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Elliot Costello Steps Down From ygap

25 May 2018 at 4:39 pm
Estelle Stathoulis
Elliot Costello has announced he’s stepping down as CEO of social enterprise ygap (Y-generation Against Poverty), coinciding with the enterprise’s 10th anniversary.

Estelle Stathoulis | 25 May 2018 at 4:39 pm


Elliot Costello Steps Down From ygap
25 May 2018 at 4:39 pm

His decision to step down was announced on Wednesday, at the same time as revealing that current COO Manita Ray will be taking over.

Costello said he had “no doubt” Ray, who first joined ygap in 2016 and instigated the expansion of ygap’s staff to over 20 people in five different countries, would do a great job.

“Personally, as CEO I’ve been more of the type of entrepreneur who likes to take risks but I think it’s time ygap had a more vertical approach to its growth and I have no doubt Manita will do a great job,” Costello said.

Costello will still remain on the board for ygap.

He spoke to Pro Bono about the notable highs and lows ygap faced during his time as CEO.

Under Costello’s leadership, ygap has undertaken several successful campaigns, including the recent Polished Man campaign, where participants showed their solidarity against child violence and violent behaviour by painting one fingernail with nail polish.

“We had more than 10,000 people sign up to the campaign last year and raised $1.65 million. We were fortunate enough to have a lot of people get behind this campaign, including people such as Vance Joy, Chris Hemsworth and most recently, our Prime Minister Turnbull,” Costello said.

When speaking of some of the “lows”, Costello recounted the horror he felt in 2010 when he learned that 10 of his volunteers had been taken hostage during a project in Ghana.

“Our project manager took 10 of our volunteers into a situation in Ghana that we thought was safe and resulted in them being held hostage there was a bit of a communication break down about why those volunteers were there,” he said.

“I wasn’t there myself, I had just come back from another venture in Rwanda yet I remember not getting much sleep at the time.”

Costello was just 23 years of age when he co-founded ygap, following a volunteer experience in Africa helping locals to build schools in their communities.

For any young and up-and-coming entrepreneur hopefuls out there, Costello said they should “just get started.”

“I think that every young person has altruistic fibres within them that wants to bring about change,” he said.

“I would strongly recommend doing your research and finding out if there’s a group around already you could join as this saves you the time in building up a company yourself. Spend some time educating yourself on the state of an issue and do what you can to think of ways you can go about getting towards making a change. “Basically, roll up your sleeves and get out there and surround yourself with a tribe of like-minded people who share the same goals as you do.”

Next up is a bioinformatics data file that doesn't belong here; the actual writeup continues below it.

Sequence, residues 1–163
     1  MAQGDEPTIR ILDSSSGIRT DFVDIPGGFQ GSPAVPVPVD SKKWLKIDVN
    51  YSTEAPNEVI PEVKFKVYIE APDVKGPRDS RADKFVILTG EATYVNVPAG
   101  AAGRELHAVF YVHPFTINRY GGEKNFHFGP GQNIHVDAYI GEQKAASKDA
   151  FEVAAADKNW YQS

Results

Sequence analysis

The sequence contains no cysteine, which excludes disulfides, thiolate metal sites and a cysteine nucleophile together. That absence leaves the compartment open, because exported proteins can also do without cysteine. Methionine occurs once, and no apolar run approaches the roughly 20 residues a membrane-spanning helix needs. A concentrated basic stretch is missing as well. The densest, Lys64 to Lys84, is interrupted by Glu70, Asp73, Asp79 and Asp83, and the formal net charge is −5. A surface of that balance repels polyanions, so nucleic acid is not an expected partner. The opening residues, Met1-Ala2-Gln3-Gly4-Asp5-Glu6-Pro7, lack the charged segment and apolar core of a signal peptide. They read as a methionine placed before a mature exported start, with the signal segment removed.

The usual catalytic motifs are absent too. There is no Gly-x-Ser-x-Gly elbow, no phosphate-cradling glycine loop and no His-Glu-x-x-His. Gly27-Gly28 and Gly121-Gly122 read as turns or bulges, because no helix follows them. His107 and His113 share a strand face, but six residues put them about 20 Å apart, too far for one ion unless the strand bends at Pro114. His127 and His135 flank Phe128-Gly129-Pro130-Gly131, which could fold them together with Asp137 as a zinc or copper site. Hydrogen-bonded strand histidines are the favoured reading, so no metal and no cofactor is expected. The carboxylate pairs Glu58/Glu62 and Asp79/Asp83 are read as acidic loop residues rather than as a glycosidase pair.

Over the past decade, Costello said he had seen a constant evolution happen within social enterprises and admitted to being “a little jealous” of all the tools and companies available to young entrepreneurs today.

“It’s an exciting time and I think in the next five to 10 years we’ll see such an incredible amount of social problems being solved by the unlocking of unique capital in the market,” he said.

Costello’s new position as a member of the board of ygap will allow him to revisit the various African regions that have played host to ygap volunteers in the past.

“In my transition from CEO of ygap I am going to be on our board and chair of our fundraising committee and later this year we’re taking a group of our ‘10 by 10 donors’ and these ‘10 by 10 donors’ are our 10 biggest supporters.

“We’re embarking on our 10th birthday to South Africa to see some of our best ventures.“I’m stepping down as CEO but still staying involved in the organisation and I look forward to being in South Africa with some of our supporters later this year.”

As for the future, Costello admitted the next step was still unknown.

“I am stepping back, it’s unknown where I’m going to go but I think for me I’m going to lean towards maybe a little bit of education and some down time away from leadership and management and the pressures of running a company for 12 months or so before I think about launching a new social venture,” he said.

“There’s a few ideas in the pipeline but I want a proper break before I launch something new.

As a final word, Costello wished to reassure the organisation’s supporters the change was a good thing.

“I would like to offer warm encouragement to the public that the organisation is in a really healthy space and this is a positive transition and change at the top and any information is available on our website which is,” he said.

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